Tag Archives: Humanity

Dean Koontz and heroism

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I have a profound interest and unnatural obsession when it comes to all things Dean Koontz. He’s just awesome. His mind is fabulous.

Honestly, if I could trade minds with one person, for just one day… it would definitely be his.

I recently finished reading ‘Icebound’ which was re-released and retitled after a previous novella written by the author, under the pen name of David Axton and initially titled ‘Prison of Ice’.

It was reissued because he was inundated with thousands of requests to bring back into print some of his older works. ‘Prison of Ice’ however was in a much rougher form [apparently], and hence was revised by Koontz and updated according to newer technology and cultural references while still trying to maintain the entire plot line and original feel of the overall story.

I enjoyed it tremendously as it was a refreshing change from his ‘normal’ work, but after reading the “Note to the reader” at the back – it was duly noted that this was because he had wanted to pay homage to a man he deemed as ‘the master of adventure-suspense’, Alistair MacLean, who penned The Guns of Navarone, Where Eagles Dare and Ice Station Zebra. ‘Icebound’ was written using the genre predominantly used by MacLean to see if he ‘could pull it off’. I would say he succeeded, as it was suspenseful and tense – definitely fast paced and contained heavily detailed information on a number of topics ranging from submarines, polar ice caps and communism. The also thorough portrayal of his characters, accompanied by their ‘indepth’ histories [which I believe is one of Dean’s best tools in immersing the reader into his believable characters and hence almost believing that such ‘devilish’ things could possibly exist].

Upon reaching the end of ‘Icebound’, I was profoundly struck by pages 150-151 and feel that a direct quote is in order to convey this message that obviously only Koontz fanatics will have the pleasure and privilege of reading…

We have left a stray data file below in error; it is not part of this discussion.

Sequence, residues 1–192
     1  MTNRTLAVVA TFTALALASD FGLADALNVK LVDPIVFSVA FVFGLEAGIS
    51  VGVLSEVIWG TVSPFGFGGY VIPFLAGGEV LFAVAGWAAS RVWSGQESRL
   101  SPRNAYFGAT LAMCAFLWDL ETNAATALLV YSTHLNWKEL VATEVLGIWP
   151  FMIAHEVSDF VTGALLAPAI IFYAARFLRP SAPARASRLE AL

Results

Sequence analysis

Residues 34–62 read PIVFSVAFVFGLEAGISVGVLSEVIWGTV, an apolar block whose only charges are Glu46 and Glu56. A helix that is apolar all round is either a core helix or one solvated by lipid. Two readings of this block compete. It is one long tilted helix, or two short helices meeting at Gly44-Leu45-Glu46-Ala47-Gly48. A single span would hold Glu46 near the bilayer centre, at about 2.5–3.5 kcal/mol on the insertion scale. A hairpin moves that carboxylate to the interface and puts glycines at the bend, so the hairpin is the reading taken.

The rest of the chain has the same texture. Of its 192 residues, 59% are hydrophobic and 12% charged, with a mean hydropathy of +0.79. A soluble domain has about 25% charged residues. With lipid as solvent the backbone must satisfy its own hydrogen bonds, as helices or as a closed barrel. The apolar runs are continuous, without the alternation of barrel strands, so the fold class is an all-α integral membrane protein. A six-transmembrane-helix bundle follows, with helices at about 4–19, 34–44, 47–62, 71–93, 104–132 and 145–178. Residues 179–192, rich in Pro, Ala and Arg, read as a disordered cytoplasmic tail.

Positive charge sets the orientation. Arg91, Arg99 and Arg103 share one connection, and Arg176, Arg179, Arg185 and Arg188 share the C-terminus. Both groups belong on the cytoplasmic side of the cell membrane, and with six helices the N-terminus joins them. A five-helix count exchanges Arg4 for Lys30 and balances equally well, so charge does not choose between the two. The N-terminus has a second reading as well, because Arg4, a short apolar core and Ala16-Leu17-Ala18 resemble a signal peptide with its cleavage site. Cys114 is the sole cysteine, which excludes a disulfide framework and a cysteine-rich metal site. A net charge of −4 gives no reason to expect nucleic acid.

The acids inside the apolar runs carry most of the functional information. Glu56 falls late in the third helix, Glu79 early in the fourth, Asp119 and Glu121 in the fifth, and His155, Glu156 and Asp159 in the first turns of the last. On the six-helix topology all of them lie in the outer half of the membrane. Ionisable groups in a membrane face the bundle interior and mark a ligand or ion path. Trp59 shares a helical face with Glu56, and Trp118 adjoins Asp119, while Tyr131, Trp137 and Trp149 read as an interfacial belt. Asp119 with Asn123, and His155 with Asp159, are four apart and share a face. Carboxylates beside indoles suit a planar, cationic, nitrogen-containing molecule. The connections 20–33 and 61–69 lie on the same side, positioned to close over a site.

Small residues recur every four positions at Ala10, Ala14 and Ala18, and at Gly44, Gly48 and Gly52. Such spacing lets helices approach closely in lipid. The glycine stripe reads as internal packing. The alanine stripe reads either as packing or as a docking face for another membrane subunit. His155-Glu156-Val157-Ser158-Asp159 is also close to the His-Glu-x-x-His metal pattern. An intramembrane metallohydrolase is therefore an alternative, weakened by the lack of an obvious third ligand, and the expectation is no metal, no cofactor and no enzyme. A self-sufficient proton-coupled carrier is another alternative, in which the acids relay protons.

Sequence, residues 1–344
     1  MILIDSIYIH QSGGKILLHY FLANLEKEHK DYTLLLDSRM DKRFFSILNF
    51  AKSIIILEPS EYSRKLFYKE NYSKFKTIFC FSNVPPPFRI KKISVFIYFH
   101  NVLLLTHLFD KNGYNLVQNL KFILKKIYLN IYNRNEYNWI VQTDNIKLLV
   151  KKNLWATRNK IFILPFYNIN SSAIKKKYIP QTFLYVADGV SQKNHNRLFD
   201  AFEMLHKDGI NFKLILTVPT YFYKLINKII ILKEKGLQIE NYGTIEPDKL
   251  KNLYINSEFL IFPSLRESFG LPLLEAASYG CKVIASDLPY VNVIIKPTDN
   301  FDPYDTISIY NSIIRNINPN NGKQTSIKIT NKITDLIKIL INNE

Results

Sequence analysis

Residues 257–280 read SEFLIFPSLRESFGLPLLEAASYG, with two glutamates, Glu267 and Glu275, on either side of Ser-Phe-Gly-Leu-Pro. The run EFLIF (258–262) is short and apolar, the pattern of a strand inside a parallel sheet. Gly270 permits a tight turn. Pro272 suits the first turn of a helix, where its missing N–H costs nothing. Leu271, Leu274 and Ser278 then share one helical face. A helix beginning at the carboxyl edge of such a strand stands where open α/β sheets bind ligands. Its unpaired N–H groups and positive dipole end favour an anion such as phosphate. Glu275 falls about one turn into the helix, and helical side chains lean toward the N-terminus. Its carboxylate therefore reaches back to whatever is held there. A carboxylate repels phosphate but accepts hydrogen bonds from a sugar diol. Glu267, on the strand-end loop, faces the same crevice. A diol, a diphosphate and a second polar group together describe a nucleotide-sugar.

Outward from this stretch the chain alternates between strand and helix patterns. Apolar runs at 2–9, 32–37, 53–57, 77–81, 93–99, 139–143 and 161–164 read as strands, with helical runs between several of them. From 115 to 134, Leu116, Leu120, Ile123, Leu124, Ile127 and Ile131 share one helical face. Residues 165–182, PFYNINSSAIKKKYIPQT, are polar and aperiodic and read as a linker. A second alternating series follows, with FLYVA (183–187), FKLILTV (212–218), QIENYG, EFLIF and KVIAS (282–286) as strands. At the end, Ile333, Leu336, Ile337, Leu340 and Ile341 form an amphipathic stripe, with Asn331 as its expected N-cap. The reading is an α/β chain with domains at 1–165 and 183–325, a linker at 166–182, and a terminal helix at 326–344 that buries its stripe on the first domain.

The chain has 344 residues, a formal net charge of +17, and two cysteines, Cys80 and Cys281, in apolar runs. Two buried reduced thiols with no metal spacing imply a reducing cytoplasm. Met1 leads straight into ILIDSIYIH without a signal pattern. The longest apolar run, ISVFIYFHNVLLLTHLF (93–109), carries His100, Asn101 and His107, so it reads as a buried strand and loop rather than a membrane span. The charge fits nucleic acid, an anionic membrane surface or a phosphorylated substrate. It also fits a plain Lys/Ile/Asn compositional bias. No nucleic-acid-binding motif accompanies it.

…The theme would definitely be heroism. He had come to see that there were two basic forms of it.  Heroism that was sought, as when a man climbed a mountain or challenged an angry bull in one of Madrid’s rings – because a man had to know his limits, heroism sought was important.  It was far less valuable, however, than heroism unsought.  Harry, Rita and the others had put their lives on the line in their jobs because they believed that what they were doing would contribute to the betterment of the human condition, not because they wanted to test themselves.  Yet, although they would deny it, they were heroes every day of the week.  They were heroes in the way that cops and firemen were heroes, in the way that millions of mothers and fathers were quiet heroes for taking on the ominous responsibilities of supporting families and raising children to be good citizens, the way ministers were heroes to dare talk of God in a world that had come to doubt His existence and to mock those who still believed, the way many teachers were heroes when they went to schools racked by violence and nevertheless tried to teach kids what they would need to know to survive in a world that had no mercy for the uneducated. The first brand of heroism – heroism sought – had a distinct quality of selfishness, but heroism unsought, was selfless.  Brian understood now that it was this unsought heroism, not the tinsel glory of either politics or bullrings, that was the truest courage and the deepest virtue.  When he had finished writing the book, when he had worked out all his thoughts on the subject, he would be ready to begin his adult life at last.  And he was determined that quiet heroism would be the theme…